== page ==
Fruitcake

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Fruit cake
Cake
Keks (1).JPG
Polish fruit cake
Alternative name(s):
Fruitcake
Place of origin:
Global
Region or state:
Various
Creator(s):
originally from Roman times
Main ingredient(s):
Candied fruit and/or dried fruit, nuts, and spices, sugars, flour
Variations:
iced fruit cake, diabetic fruit cake, gluten free fruit cake, lactose free fruit cake
Recipes at Wikibooks:
Cookbook Fruit cake
Media at Wikimedia Commons:
Wikimedia Commons  Fruit cake
 
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Fruit cake
Cake
Keks (1).JPG
Polish fruit cake
Alternative name(s):
Fruitcake
Place of origin:
Global
Region or state:
Various
Creator(s):
originally from Roman times
Main ingredient(s):
Candied fruit and/or dried fruit, nuts, and spices, sugars, flour
Variations:
iced fruit cake, diabetic fruit cake, gluten free fruit cake, lactose free fruit cake
Recipes at Wikibooks:
Cookbook Fruit cake
Media at Wikimedia Commons:
Wikimedia Commons  Fruit cake
Cherry cake

Fruit cake (or fruitcake) is a cake made with chopped candied fruit and/or dried fruit, nuts, and spices, and (optionally) soaked in spirits. A cake that simply has fruit in it as an ingredient can also be colloquially called a fruit cake. In the United Kingdom, certain rich versions may be iced and decorated. Fruit cakes are often served in celebration of weddings and Christmas. Given their rich nature, fruit cake is most often consumed on its own, as opposed to with condiments (such as butter or cream).

History[edit]

The earliest recipe from ancient Rome lists pomegranate seeds, pine nuts, and raisins that were mixed into barley mash. In the Middle Ages, honey, spices, and preserved fruits were added.

Fruit cakes soon proliferated all over Europe. Recipes varied greatly in different countries throughout the ages, depending on the available ingredients as well as (in some instances) church regulations forbidding the use of butter, regarding the observance of fast. Pope Innocent VIII (1432–1492) finally granted the use of butter, in a written permission known as the ‘Butter Letter' or Butterbrief in 1490, giving permission to Saxony to use milk and butter in the North German Stollen fruit cakes.[1]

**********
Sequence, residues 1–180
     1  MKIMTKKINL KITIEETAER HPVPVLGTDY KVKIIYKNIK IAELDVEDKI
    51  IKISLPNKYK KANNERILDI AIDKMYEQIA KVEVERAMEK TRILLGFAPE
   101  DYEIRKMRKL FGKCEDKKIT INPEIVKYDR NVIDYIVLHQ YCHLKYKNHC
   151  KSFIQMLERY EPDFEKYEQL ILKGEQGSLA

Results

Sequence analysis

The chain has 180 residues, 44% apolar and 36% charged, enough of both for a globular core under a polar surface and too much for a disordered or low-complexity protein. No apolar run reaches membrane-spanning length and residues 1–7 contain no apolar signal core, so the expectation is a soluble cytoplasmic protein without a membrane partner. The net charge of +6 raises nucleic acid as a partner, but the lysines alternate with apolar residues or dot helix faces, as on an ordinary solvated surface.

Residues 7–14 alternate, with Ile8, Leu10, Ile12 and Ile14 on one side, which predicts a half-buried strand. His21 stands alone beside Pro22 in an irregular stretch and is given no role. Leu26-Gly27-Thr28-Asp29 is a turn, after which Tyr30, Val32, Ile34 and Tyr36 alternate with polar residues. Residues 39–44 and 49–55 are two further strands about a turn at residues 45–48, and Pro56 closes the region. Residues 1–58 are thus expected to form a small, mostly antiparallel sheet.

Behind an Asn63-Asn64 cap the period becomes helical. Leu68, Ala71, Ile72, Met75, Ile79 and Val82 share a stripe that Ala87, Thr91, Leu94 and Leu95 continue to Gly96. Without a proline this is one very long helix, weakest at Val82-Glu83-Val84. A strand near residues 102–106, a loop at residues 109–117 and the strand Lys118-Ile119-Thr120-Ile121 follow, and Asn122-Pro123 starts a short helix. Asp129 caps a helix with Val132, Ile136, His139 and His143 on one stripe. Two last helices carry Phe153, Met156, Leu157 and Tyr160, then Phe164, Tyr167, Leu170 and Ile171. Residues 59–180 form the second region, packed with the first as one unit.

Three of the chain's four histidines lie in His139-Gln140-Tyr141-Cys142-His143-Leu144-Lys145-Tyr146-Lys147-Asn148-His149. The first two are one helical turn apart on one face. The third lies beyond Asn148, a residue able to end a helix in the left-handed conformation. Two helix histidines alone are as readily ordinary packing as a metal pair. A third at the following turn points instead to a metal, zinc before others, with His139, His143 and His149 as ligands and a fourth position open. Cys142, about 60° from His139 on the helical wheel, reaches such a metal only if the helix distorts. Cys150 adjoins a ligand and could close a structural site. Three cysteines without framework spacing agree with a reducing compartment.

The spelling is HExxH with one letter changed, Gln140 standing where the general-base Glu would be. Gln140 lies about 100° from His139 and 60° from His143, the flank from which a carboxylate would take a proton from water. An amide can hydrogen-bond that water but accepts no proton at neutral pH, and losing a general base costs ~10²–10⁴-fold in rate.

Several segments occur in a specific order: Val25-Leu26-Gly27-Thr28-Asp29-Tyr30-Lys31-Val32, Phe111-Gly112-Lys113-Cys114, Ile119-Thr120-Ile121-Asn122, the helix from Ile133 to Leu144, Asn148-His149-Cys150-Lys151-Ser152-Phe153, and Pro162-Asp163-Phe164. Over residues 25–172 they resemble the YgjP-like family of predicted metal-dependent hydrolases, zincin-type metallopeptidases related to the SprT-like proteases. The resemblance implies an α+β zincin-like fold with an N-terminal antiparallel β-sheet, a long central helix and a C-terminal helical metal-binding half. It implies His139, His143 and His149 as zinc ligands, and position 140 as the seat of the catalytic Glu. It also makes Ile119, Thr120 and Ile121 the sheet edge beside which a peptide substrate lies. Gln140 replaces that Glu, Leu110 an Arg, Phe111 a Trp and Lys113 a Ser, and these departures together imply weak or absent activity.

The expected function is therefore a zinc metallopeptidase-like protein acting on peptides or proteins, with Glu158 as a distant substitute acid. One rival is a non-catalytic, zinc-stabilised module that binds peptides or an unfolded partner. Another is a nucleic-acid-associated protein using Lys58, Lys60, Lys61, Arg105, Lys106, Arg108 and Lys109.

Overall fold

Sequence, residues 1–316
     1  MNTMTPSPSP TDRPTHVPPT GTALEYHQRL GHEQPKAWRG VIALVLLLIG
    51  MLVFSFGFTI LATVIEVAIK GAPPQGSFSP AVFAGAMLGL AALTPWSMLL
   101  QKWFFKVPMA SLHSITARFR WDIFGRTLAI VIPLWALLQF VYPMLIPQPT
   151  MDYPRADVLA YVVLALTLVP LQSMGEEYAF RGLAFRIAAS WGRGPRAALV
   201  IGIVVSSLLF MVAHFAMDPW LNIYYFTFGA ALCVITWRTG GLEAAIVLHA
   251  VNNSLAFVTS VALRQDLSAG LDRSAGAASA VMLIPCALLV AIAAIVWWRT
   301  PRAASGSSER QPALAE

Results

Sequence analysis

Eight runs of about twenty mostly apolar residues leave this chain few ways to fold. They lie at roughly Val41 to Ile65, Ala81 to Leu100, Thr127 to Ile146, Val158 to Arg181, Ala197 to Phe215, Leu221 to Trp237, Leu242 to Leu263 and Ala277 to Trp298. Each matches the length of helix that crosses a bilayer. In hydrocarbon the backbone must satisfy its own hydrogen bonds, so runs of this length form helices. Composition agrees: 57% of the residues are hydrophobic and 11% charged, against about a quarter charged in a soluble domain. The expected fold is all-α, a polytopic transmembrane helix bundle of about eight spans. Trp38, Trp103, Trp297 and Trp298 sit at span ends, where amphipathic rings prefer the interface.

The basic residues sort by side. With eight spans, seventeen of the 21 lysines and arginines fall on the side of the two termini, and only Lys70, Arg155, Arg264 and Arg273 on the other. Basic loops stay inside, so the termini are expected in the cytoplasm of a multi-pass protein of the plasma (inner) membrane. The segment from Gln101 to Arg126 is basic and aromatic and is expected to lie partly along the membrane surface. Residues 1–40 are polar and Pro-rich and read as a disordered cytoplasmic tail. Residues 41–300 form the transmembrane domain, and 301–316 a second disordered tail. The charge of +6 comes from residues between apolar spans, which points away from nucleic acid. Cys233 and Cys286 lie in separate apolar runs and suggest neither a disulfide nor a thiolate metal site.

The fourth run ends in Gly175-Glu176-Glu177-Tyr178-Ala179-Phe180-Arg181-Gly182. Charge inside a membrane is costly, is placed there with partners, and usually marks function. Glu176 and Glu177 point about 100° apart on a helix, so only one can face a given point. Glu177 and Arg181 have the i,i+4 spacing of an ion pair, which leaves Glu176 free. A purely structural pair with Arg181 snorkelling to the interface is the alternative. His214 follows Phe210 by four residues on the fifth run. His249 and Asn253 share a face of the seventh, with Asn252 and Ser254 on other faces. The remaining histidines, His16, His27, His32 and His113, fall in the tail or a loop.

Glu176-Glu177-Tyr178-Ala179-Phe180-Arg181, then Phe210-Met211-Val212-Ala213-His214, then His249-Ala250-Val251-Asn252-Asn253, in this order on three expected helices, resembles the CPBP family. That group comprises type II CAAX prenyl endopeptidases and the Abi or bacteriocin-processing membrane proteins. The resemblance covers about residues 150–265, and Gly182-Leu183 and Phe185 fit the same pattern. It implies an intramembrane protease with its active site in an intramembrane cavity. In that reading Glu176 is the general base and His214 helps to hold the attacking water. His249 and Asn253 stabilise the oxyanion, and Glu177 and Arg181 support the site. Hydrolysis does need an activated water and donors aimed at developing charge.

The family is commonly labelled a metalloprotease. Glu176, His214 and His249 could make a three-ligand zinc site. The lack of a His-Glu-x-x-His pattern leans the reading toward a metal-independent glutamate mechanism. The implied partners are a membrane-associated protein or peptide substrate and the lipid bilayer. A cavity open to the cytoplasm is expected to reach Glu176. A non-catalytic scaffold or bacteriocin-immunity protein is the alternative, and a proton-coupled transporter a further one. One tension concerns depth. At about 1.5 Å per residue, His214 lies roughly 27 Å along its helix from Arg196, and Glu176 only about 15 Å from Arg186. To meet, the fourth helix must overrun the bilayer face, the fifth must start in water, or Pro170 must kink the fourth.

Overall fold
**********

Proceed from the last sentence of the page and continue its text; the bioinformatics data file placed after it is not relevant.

Starting in the 16th century, Sugar from the American Colonies (and the discovery that high concentrations of sugar could preserve fruits) created an excess of candied fruit, thus making fruit cakes more affordable and popular.[2]

In various countries[edit]

Australia[edit]

In Australia, fruit cake is consumed throughout the year, and is available at most major retail outlets. The cake is rarely eaten with icing or condiments.

Bahamas[edit]

In the Bahamas, not only is the fruit cake drenched with rum, but the ingredients are as well. All of the candied fruits, walnuts, and raisins are placed in an enclosed container and are soaked with the darkest variety of rum, anywhere from 2 weeks to 3 months in advance. The cake ingredients are mixed, and once the cake has finished baking, rum is poured onto it while it is still hot.

Canada[edit]

The fruit cake is commonly known as a Christmas Cake in Canada and eaten during the Christmas season. Rarely is it seen during other times of the year. The Canadian fruit cake is similar in style to the UK version, as it is in most Commonwealth countries. However, there is rarely icing on the cake and alcohol is not commonly put in Christmas cakes that are sold. The cakes also tend to be void of any decorations and are shaped like a small loaf of bread. Dark, moist and rich Christmas cakes are the most frequently consumed, with white Christmas cake rarely seen. These cakes tend to be made in mid-November to early December when the weather starts to cool down. They are a staple during Christmas dinner and a gift generally exchanged between business associates and close friends/family.

France[edit]

In French, as in some other non-English speaking countries, it is simply called "Cake".

Germany[edit]

The Stollen, a traditional German fruit cake usually eaten during the Christmas season, is loaf-shaped and powdered with icing sugar on the outside. It is usually made with yeast, butter, water, flour, zest, raisins, and almonds. The most famous Stollen is the Dresdner Stollen,[3] sold at the local Christmas market.

In Bremen, Klaben is traditionally sold and eaten during the Christmas season. Unlike the more famous Dresdner Stollen, Bremer Klaben is a kind of Stollen which is made without powdered sugar on top.

Ireland[edit]

In Ireland, a version of fruitcake called barmbrack is eaten on Halloween. The slices of the cake contain different objects, each signifying a different fortune for the person who finds it.

Italy[edit]

Panforte is a chewy, dense Tuscan fruit cake dating back to 13th-century Siena. Panforte is strongly flavored with spices and baked in a shallow form. Genoa's fruitcake, a lower, denser but still crumbly variety, is called Pandolce

India[edit]

Fruit cake is a rich dense cake packed with dry fruits and nuts flavoured with spices usually made during Christmas. In India, this is found everywhere during Christmas season, although it is also available commonly throughout the year.

Traditional Indian fruit cake

New Zealand[edit]